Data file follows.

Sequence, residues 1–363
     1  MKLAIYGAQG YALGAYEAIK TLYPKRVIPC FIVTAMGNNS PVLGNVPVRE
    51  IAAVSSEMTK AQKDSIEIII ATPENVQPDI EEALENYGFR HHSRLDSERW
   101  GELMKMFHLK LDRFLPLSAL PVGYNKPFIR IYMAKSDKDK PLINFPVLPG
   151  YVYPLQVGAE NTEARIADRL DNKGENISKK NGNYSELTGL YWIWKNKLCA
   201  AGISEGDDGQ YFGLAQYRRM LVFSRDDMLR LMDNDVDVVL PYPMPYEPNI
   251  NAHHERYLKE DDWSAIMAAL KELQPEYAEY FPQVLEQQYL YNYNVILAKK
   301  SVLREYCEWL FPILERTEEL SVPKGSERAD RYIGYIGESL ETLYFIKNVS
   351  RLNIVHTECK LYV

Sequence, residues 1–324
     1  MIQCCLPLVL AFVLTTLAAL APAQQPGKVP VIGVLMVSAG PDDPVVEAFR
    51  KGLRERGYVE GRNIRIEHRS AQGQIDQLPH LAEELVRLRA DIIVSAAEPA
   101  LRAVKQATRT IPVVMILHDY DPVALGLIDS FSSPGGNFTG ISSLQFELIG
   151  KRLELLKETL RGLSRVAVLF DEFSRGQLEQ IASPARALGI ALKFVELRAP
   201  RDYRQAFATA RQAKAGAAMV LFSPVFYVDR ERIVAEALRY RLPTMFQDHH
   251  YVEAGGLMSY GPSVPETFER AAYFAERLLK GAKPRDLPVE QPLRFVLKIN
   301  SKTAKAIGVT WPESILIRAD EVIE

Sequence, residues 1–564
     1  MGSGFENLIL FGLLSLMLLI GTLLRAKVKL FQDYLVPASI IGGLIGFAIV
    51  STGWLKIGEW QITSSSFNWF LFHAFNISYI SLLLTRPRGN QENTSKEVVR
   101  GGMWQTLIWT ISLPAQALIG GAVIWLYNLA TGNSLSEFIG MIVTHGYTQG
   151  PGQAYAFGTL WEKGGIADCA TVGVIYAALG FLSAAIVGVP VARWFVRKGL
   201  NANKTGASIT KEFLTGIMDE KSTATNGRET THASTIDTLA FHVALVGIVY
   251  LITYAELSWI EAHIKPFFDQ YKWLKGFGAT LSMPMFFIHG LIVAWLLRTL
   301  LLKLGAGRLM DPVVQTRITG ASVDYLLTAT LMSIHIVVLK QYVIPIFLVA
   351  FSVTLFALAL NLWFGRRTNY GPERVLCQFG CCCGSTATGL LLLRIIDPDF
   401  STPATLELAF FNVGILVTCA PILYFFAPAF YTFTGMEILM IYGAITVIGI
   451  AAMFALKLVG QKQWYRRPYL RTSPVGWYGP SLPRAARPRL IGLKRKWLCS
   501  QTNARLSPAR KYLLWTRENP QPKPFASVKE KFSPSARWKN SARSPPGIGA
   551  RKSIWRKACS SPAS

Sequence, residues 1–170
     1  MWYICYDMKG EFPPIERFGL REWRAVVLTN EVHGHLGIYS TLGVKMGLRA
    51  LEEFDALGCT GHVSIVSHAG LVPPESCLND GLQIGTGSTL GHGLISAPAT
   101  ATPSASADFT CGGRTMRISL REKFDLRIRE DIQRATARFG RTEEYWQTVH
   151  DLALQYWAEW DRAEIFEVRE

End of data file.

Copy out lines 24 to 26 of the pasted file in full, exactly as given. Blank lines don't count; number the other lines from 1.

   251  LITYAELSWI EAHIKPFFDQ YKWLKGFGAT LSMPMFFIHG LIVAWLLRTL
   301  LLKLGAGRLM DPVVQTRITG ASVDYLLTAT LMSIHIVVLK QYVIPIFLVA
   351  FSVTLFALAL NLWFGRRTNY GPERVLCQFG CCCGSTATGL LLLRIIDPDF